UCC Expert’s Corner: Court Finds Bill of Exchange Not Legal Tender for Payment Under Chapter 13 Plan
January 5, 2016
For many years, anti-government and anti-tax protestors have used the UCC filing system to harass, intimidate, and defraud certain targets, primarily government officials. Increasingly, the same theories and tactics used by this anti-government movement serve as the basis for fraudulent debt elimination schemes. These schemes, however, can tie up the courts and increase the costs for all the parties involved. The recent case of In re: Hill, 2015 WL 5575499 (Bankr. E.D. Tenn. Sept. 18, 2015) illustrates this problem.
This case arose from a real estate transaction where two individuals (the “Debtors”) leased a home with an option to purchase from the owners (collectively the “Landlord”). Over several years, the lease had been in default, terminated, reinstated and into default again.
The Debtors eventually filed a Chapter 13 bankruptcy petition. The Chapter 13 plan required the Debtors to make regular payments to the Landlord for the arrearage in the lease payments.
After the court entered an order confirming the Chapter 13 plan, the Debtors tendered a “bill of exchange” to the Landlord and to the Chapter 13 trustee (the “Trustee”) as payment in full of the obligation. Each bill of exchange included instructions for how the recipient should tender the documents to the United States Treasury for payment. Neither the Landlord nor Trustee took any action because they believed that the bills of exchange were worthless.
When the Debtors received no response from the Landlord or Trustee, they claimed that their tender of payment had been rejected, which resulted in the discharge of their obligation. Accordingly, the Debtors filed a motion seeking an order for the Landlord and Trustee to show cause why their claims had not been discharged. The court denied the motion and the Debtors filed a motion to reconsider the ruling.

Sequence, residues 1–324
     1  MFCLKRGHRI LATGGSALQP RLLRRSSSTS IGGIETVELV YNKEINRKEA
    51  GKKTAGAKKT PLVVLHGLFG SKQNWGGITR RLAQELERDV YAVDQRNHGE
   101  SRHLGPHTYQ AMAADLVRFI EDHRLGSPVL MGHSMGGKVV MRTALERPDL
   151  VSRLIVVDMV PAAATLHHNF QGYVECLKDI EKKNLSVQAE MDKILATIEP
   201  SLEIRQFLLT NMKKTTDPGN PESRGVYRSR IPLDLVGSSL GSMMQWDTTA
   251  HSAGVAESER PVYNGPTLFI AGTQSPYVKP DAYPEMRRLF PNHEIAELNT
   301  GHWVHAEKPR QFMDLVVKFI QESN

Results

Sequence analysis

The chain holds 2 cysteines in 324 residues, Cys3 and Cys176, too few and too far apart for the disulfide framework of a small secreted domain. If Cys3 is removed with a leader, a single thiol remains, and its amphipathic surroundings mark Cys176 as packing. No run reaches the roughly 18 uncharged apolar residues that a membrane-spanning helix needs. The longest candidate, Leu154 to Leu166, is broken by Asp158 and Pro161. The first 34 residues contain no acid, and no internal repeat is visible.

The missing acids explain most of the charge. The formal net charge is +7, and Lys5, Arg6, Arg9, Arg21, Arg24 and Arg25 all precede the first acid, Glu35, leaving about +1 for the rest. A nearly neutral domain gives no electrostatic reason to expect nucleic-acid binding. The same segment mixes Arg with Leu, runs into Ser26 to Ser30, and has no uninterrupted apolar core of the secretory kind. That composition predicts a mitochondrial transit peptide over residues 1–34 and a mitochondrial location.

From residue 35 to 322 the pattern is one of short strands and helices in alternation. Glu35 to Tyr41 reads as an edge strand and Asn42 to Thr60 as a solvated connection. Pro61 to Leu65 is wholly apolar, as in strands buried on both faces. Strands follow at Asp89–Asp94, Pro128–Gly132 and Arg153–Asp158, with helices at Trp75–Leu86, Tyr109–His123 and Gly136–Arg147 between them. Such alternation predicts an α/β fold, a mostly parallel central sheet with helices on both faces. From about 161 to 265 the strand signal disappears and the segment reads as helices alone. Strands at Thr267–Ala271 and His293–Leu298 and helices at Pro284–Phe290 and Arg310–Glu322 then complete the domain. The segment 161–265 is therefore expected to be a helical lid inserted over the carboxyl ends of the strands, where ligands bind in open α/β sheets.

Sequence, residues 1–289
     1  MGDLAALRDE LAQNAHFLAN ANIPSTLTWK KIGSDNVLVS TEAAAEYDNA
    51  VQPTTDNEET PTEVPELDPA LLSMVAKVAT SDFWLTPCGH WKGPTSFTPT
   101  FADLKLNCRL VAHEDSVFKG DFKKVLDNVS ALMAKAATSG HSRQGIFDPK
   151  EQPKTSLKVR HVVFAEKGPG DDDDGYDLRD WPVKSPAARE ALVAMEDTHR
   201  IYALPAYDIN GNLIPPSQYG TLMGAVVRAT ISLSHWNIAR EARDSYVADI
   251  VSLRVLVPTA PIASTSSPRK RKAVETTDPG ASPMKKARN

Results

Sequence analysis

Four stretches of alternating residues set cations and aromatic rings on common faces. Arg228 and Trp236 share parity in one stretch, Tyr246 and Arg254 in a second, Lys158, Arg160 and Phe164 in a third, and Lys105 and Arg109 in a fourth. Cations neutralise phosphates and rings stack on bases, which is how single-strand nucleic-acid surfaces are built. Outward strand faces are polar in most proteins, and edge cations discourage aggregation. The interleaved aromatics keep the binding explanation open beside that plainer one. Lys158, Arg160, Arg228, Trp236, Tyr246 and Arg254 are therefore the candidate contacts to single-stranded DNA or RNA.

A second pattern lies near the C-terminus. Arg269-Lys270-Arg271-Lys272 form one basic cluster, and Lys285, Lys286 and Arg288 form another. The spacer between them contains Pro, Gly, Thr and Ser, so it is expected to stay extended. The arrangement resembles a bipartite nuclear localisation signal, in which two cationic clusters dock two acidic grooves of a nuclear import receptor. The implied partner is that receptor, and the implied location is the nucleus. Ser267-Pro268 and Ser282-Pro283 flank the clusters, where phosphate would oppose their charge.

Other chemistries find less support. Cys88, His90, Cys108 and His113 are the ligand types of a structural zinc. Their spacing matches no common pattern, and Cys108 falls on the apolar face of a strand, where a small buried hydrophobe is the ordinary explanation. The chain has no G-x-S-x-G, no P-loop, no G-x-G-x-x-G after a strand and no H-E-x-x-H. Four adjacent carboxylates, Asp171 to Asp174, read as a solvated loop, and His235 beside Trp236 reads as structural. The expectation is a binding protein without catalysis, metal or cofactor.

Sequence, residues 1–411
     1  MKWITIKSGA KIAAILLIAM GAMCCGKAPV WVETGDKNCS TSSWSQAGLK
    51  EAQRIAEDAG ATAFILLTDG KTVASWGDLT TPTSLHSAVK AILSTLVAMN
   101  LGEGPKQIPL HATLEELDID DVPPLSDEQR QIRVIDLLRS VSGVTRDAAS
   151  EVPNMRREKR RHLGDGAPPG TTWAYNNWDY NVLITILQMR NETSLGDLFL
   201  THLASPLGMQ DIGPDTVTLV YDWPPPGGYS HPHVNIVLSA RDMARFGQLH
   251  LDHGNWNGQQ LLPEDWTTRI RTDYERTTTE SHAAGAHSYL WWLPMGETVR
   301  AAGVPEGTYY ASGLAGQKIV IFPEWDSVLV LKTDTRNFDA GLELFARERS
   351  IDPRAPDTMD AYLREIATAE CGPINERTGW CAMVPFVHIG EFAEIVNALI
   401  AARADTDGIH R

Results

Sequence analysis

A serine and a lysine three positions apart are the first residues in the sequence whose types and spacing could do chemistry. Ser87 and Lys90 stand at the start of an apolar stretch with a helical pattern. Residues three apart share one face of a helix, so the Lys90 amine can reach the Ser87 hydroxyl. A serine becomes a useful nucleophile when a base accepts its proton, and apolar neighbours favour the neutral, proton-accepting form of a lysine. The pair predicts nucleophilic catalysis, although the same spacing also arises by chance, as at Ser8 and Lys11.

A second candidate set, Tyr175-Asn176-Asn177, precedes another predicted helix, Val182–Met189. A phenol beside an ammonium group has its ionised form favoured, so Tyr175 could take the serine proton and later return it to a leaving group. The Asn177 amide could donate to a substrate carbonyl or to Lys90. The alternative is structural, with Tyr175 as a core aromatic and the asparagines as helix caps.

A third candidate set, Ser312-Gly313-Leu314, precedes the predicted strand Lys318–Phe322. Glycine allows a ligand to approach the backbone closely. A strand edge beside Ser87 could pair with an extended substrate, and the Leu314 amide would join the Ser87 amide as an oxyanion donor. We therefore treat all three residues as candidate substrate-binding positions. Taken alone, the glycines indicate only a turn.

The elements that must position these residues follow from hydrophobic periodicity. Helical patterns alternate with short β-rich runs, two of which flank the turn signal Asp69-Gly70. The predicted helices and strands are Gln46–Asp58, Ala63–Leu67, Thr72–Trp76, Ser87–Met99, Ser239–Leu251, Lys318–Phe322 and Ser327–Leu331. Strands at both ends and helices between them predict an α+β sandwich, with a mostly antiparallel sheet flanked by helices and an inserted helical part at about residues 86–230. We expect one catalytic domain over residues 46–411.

In considering the new motion, the court observed that the Debtors’ use of a bill of exchange to satisfy debts was based on Redemption theory, which has been widely rejected by courts across the country. The court explained that Redemption theory:
propounds that a person has a split personality: a real person and a fictional person called the “strawman.” The “strawman” purportedly came into being when the United States went off the gold standard in 1933, and, instead, pledged the strawman of its citizens as collateral for the country’s national debt. Redemptionists claim that government has power only over the strawman and not over the live person, who remains free. Individuals can free themselves by filing UCC financing statements, thereby acquiring an interest in their strawman.
(Citation omitted). Redemptionists also claim that the government created an exemption account at the U.S. Treasury for each strawman. Adherents to the theory believe that by filing a UCC financing statement on themselves, they become a creditor of their strawman’s exemption account. They can then access the value of that account by issuing a bill of exchange (or sometimes a similar instrument called a “sight draft”) to a payee who then must look to the U.S. Treasury Department for payment, or so the theory claims.
The court further noted that other courts have routinely rejected these arguments as frivolous. Various other courts have found similar bills of exchange amounted to nothing more than worthless pieces of paper. (Citations omitted). Moreover, the U.S. Treasury Department has issued warnings about bogus sight drafts and bills of exchange.
The court ruled that the legal theories upon which the Debtors’ arguments were based had no basis in law. Consequently, the court denied the Debtors’ motion to reconsider.
The takeaway from this case is that bills of exchange, sight drafts, and similar instruments that purport to draw on the U.S. Treasury, should raise red flags when offered as payment for a debt. Likewise, lenders should be very careful about dealing with a potential borrower if due diligence discloses a UCC record with the hallmarks of a Redemption filing, such as the same name for both debtor and secured party and phrases such as “HJR 192,” “accepted for value,” or “strawman” in the collateral. Such UCC records are often filed as part of fraudulent debt elimination payment schemes based on frivolous Redemption theories.
Paul Hodnefield is associate general counsel for CSC and a frequent speaker/writer on UCC due diligence issues. Please feel free to contact him with questions or comments at email@example.com or 800-927-9801, ext. 61730.